Yeti Eats: Vegan Ddeokbokki

Sometimes it can be a little sad to be a vegan in Korea. Sure, it’s fun to cook for yourself and there are an increasing amount of vegan restaurants, but there are times when it can be challenging to take part in many otherwise regular events. Things like going out to dinner with your co-workers, getting food at most (cheap) Korean restaurants, or partaking in the copious amounts of street food are challenging.

Some streetfood—roasted chestnuts, baked potatoes with salt, or fresh fruit—is inherently vegan. Most of it, however, is not; especially any sort of meal. While most food is not easily re-creatable ( unless you have a deep fryer) but there are some things you can make. One of the easiest is one of the tastiest. Since you’ve read the blog title, you already know what I’m talking about: Ddukbokki.

The first step is to stir-fry some veggies.

You can see we had a pretty basic mix of peppers, carrots, garlic, and onions. You could add anything you want, we’ve thought about broccoli, cauliflower, cabbage, or lotus roots.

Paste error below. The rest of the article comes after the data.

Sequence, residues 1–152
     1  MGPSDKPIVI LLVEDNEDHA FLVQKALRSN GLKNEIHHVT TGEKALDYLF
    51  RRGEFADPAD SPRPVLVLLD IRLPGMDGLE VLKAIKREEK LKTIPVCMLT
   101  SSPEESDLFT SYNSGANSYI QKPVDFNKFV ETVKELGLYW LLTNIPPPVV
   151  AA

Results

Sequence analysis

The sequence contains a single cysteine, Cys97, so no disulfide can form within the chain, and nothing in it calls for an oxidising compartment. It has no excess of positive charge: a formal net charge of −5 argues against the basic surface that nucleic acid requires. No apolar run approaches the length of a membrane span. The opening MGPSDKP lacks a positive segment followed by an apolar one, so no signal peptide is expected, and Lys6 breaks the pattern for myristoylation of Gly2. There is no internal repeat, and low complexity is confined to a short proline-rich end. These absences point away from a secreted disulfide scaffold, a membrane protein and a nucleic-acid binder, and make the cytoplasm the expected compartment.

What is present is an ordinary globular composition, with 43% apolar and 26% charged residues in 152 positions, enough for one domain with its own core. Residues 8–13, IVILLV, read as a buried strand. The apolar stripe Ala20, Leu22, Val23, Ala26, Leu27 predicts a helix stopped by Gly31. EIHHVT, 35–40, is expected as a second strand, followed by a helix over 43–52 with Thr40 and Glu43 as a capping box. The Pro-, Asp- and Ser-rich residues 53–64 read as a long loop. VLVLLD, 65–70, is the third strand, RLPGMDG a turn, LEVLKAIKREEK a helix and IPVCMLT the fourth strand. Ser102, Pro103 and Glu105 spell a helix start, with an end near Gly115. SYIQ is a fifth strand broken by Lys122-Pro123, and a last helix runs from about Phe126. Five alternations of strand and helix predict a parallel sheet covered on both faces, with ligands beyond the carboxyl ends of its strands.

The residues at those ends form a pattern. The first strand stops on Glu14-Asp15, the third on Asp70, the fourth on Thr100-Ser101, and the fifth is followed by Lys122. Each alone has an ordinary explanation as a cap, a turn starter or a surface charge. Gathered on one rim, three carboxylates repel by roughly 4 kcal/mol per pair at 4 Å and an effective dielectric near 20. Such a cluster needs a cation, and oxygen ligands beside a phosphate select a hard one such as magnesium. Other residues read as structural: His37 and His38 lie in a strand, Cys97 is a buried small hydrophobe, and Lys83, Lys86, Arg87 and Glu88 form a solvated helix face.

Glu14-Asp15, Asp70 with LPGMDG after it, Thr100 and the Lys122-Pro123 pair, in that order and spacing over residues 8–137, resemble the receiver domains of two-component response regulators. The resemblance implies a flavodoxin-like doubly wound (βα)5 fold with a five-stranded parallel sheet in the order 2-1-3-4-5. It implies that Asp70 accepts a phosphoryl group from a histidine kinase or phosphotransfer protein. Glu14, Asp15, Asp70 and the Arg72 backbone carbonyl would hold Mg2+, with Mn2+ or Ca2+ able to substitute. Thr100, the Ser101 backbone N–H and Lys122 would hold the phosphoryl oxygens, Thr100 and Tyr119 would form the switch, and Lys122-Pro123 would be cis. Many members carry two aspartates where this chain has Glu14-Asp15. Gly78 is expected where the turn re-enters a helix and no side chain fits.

At the same time, we cooked some raymeon, which is the Korean name for Ramen or instant noodles. There is one vegan brand that you can find in most places.

Once the veggies are cooked and the raymeon is ready, add a fair bit of water, some veggie stock, some soy sauce, and (most importantly) 6 teaspoons of gochujang (Korean hot sauce.) You can add more or less based on how spicy you’d like it.

Add the dduk (dense rice cakes, available widely) and let it soak up all that liquid. After it has cooked for a little while, add the raymeon.

Now you’ve got a delicious, tasty vegan meal better than anything you can get in the streets. [When you add raymeon, it’s technically it is called Rabokki, but whatever you call it, it’s good.]

2 responses to “Yeti Eats: Vegan Ddeokbokki

  1. This looks good, but I don’t understand what some of those ingredients are. Let’s eat some in February!

  2. That’s a good point. I am going to edit the post a bit and elaborate a bit on some of the Korean ingredients. (But, yes, we will certainly make some).

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